now on GitHub Pages wouldn’t let me have interactive plots, so I just migrated this site to GitHub Pages. I believe no permalinks were harmed in the making of this change. All images, videos, and PDFs, must have been ported. And I tested the new layout on Chrome, Firefox, and Safari (IE users: you don’t have to live like that) and on iPhone and iPad. But please let me know if you find any issues.

There were some casualties: all comments up to now. Here I’m using Disqus to handle comments and, despite heavy googling, I couldn’t find a way to export comments to Disqus (that’s possible with though, by installing a plugin). So, I apologize to all past commenters. And a special apology to all the nice folks who have commented on my webscraping tutorial, which is by far the most popular content here (it accounts for way over half the visits) - I love it when people take the time to say it was useful or to provide feedback.

Migrating was pretty easy. I’m using Jekyll, a Ruby-based generator of static websites. Except for one pesky dependency, installing Jekyll was painless. Theme-wise I forked Hyde (yes, I see it), which I’m using almost unaltered. Most of the work went into migrating the posts. I found Exitwp, which by and large automates the task. But I had several posts with code and they gave me some trouble. For instance, Jekyll’s own syntax highlighter leaves something to be desired, so I had to google around to improve it a bit.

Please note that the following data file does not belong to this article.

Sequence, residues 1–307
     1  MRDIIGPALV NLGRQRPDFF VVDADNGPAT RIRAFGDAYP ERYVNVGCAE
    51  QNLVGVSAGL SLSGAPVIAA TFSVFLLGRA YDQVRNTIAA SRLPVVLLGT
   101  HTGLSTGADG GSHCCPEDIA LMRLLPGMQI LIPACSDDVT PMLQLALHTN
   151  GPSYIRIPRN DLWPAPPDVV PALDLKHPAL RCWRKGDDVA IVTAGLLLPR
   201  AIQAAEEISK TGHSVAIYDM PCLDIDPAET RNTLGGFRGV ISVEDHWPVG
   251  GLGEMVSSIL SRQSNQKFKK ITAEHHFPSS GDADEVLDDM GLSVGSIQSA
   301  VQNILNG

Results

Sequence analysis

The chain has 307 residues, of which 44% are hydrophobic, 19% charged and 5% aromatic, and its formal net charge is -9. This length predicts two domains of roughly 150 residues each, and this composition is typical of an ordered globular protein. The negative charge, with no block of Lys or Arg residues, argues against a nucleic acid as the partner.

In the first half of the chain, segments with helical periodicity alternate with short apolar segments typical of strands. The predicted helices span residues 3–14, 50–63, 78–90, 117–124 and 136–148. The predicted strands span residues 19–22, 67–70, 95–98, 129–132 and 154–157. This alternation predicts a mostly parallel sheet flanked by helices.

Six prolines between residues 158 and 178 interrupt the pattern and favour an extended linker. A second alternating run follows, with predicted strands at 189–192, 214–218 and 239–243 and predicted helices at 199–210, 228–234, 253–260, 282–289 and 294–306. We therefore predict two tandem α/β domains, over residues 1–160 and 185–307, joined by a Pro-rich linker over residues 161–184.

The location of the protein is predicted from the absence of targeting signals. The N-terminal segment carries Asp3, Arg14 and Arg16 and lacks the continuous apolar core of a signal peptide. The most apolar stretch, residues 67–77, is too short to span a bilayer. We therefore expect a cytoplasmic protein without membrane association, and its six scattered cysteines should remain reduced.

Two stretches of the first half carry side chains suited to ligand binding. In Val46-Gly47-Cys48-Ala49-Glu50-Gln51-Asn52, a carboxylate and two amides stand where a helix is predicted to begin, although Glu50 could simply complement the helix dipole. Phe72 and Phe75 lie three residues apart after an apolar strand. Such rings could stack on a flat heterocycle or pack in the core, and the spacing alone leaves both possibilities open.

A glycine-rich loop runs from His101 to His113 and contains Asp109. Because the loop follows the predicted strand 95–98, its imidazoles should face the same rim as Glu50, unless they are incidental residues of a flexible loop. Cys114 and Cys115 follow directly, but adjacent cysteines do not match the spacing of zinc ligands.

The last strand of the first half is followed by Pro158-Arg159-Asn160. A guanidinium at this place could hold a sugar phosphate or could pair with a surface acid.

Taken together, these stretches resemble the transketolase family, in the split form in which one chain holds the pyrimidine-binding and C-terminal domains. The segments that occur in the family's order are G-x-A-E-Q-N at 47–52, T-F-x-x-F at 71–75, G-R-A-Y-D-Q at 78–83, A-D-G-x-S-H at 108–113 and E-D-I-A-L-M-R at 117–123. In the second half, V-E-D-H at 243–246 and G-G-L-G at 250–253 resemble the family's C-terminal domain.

Using GitHub Pages has been a pleasant experience so far. I can now do pretty much whatever I want to with my site - which means it’s JavaScript time! I’m also enjoying being able to deploy the site locally before uploading it to GitHub. Jekyll is great too. It lets me write posts in Markdown, which is obviously good for writing math. I wonder how the Python alternative compares though, so I may try it out some day.

This is it for now. Posts with interactive plots should follow soon.